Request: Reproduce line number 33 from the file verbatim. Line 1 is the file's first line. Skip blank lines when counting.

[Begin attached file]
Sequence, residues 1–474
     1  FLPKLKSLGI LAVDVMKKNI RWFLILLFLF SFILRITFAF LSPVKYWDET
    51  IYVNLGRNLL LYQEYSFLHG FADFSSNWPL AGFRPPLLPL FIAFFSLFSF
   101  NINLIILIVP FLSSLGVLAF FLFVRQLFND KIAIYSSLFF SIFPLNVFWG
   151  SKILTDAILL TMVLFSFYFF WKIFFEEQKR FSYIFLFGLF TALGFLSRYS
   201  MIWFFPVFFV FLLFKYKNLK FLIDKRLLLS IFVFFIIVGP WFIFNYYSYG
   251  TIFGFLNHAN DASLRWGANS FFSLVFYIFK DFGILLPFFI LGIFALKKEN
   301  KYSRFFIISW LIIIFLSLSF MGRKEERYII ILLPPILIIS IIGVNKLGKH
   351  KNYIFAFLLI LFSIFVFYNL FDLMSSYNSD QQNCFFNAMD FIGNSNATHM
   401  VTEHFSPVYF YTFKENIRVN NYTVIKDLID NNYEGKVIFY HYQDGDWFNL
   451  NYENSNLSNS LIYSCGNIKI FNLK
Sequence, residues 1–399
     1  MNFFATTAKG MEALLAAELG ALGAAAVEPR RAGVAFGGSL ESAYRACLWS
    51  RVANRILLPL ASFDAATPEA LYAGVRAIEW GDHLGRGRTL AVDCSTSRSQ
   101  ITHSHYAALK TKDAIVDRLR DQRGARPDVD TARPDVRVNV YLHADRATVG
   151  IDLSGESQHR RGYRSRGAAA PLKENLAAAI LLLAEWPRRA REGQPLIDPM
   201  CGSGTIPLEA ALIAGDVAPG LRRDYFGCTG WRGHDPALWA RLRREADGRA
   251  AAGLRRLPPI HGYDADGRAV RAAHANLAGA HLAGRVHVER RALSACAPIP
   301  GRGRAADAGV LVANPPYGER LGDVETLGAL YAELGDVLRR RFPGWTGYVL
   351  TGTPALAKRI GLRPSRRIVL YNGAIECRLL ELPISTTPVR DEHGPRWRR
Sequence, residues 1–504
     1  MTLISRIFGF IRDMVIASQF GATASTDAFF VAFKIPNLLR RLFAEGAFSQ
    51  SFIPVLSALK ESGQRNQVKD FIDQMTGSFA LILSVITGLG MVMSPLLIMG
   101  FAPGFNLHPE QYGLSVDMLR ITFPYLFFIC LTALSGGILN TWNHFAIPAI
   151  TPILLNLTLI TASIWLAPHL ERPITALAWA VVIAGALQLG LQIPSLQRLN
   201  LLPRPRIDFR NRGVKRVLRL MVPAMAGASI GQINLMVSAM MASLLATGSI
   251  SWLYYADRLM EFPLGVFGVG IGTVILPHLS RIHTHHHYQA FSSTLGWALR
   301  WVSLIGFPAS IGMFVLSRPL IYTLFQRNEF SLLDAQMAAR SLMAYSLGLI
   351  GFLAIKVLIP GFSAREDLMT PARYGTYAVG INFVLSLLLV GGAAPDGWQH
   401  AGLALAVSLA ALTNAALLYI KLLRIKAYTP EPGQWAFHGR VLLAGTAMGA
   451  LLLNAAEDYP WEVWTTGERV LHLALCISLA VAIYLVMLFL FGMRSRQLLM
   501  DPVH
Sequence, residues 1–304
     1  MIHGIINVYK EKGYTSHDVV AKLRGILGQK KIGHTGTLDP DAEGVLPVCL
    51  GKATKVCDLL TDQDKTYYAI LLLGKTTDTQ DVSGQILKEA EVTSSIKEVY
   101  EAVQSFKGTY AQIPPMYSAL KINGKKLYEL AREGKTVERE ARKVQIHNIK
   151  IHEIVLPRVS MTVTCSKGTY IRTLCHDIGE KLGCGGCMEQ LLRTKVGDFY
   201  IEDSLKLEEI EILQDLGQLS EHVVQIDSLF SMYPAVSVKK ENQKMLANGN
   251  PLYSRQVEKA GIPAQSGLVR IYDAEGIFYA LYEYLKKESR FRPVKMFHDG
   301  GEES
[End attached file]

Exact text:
Sequence, residues 1–304